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Disorderly conduct or just a harmless, good time?

You are watching the big game, having some beers with your friends, and then a fight breaks out. Or you were just horsing around with the guys and someone calls the cops. Suddenly you are facing a disorderly conduct charge, but is it fair?

There are ways to defend yourself against a disorderly conduct charge. It helps when you know what is and what isn't disorderly conduct. When you argue your case in court, you will get a chance to tell your side of the story, and you can defend against trivial charges that can put an unsightly mark on your criminal record.

What is disorderly conduct?

Disorderly conduct charges generally result when you do something that annoys the public. Yelling loudly at night in a residential neighborhood, peeing in public, and fighting and playing your music too loud at night are just a few examples. Generally, the activity negatively affects the public in some way.

Of course, the specific guidelines for disorderly conduct vary from state to state, but in every state, including Michigan, they will always require a finding of criminal intent. Sometimes disorderly conduct charges are lumped in with charges such as disturbing the peace, public intoxication and public nuisance.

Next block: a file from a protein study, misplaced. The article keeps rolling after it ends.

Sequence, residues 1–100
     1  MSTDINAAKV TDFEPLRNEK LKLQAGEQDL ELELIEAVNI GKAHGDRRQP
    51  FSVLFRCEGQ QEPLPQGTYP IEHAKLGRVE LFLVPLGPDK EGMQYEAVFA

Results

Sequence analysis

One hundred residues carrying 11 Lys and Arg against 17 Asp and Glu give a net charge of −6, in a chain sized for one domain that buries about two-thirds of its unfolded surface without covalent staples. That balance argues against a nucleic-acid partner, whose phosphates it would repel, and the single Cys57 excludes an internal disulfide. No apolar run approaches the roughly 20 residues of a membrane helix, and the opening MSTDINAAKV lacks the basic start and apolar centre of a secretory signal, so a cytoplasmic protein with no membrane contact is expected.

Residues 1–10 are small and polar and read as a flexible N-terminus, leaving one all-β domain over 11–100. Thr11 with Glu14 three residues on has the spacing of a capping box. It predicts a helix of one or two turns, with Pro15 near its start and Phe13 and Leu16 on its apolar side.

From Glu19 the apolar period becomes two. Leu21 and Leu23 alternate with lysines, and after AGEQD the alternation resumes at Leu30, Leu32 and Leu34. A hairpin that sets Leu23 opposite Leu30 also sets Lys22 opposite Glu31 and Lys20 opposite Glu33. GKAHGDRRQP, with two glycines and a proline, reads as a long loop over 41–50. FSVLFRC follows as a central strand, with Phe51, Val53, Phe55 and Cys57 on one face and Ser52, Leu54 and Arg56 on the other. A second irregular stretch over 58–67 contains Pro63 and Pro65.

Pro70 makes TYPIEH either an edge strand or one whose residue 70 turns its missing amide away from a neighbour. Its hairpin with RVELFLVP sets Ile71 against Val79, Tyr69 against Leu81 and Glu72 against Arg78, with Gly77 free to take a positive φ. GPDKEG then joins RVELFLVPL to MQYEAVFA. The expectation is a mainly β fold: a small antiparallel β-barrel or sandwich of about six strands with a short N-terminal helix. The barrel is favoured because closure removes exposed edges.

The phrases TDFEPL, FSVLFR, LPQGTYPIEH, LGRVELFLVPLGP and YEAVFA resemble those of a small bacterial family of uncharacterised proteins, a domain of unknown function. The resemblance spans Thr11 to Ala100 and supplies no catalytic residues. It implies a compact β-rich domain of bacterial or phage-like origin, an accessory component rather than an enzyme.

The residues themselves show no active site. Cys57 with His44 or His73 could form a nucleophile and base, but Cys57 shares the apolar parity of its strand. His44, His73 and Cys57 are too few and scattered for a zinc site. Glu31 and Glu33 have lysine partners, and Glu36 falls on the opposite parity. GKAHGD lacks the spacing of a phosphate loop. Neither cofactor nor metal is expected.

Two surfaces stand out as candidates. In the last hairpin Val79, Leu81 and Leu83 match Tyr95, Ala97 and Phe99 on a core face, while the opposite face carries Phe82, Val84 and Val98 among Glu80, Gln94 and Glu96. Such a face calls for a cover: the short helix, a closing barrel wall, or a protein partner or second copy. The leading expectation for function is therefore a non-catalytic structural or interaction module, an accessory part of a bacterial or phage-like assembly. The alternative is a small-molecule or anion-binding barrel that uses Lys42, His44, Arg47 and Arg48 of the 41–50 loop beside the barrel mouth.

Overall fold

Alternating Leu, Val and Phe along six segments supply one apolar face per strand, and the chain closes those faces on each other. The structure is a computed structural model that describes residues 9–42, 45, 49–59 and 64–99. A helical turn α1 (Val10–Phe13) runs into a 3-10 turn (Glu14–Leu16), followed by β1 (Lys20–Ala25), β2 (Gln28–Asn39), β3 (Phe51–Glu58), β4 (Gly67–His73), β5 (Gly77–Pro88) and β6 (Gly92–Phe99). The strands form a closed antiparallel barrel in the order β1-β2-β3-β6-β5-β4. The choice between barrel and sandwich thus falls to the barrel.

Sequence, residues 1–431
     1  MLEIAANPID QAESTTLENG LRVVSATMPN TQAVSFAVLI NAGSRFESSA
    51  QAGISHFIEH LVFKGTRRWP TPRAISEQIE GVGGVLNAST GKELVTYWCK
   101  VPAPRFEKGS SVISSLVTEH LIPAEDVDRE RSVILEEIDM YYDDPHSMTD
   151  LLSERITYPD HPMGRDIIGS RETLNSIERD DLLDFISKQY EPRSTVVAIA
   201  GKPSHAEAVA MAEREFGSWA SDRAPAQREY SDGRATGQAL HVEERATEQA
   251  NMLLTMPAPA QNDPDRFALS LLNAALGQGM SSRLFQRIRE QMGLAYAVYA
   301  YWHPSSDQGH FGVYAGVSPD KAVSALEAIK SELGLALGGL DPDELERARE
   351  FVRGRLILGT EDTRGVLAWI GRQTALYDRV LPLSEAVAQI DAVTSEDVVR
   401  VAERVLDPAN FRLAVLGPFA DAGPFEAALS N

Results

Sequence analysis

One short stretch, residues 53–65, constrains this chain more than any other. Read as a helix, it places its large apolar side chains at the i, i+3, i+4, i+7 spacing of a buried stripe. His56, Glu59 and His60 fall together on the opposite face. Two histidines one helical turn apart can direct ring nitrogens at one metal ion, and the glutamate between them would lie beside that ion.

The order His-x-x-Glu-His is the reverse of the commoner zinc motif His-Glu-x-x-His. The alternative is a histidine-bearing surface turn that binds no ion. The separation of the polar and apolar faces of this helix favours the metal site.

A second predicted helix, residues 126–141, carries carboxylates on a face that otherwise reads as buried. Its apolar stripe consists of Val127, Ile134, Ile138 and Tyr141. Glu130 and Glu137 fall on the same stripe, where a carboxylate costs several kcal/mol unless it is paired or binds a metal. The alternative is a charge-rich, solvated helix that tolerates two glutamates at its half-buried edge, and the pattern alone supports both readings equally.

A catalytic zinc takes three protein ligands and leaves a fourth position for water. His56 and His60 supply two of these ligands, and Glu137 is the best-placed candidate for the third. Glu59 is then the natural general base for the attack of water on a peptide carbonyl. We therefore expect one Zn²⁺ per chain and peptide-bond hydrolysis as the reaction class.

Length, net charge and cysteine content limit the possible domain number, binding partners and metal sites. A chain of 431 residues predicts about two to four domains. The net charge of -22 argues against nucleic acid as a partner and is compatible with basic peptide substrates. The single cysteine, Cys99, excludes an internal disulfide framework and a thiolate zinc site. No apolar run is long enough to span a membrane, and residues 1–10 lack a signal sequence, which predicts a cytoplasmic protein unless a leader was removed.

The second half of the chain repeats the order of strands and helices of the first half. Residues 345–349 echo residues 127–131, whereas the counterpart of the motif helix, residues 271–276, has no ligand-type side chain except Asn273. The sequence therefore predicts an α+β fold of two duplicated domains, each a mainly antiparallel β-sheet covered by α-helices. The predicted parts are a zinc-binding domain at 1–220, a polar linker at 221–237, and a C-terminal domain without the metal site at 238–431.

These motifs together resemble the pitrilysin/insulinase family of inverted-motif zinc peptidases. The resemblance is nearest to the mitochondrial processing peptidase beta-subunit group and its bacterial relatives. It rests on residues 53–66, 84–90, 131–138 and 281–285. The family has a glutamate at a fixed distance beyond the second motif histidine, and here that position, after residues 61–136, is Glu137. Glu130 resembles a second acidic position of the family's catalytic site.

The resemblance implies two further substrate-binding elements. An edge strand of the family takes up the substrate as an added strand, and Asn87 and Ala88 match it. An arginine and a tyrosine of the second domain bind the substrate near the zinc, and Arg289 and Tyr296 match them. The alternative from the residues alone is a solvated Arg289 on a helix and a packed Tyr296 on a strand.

What isn't disorderly conduct?

Not every action that is annoying to the public involves criminal intent. And sometimes, you may have been caught up in an event that wasn't your fault. There are a few times when you could be facing charges for disorderly conduct, but you have not committed a crime. The following are two examples of these instances:

  • Horseplay -- Horseplay is not disorderly conduct. If you and your friends are loudly roughhousing on a street corner, you are not necessarily committing disorderly conduct, especially if there was no warning, if you did not know that the behavior was imposing on someone else or if you have not caused any harm to humans or property during your horseplay.
  • Self-defense -- Self-defense also does not qualify for disorderly conduct. Often, when authorities come upon a fight in progress, it is hard to sort out exactly who is the responsible party, so everyone ends up receiving charges for disorderly conduct. But if you are simply defending yourself in an unprovoked attack, you are not guilty of any crime.

What can you do once you've been charged?

If you are facing charges for disorderly conduct, you have options to fight them, especially if you feel that your actions do not meet the criteria for breaking the law. An experienced criminal defense attorney can help you determine whether you have been incorrectly charged and can create the best possible defense strategy for your specific circumstances.

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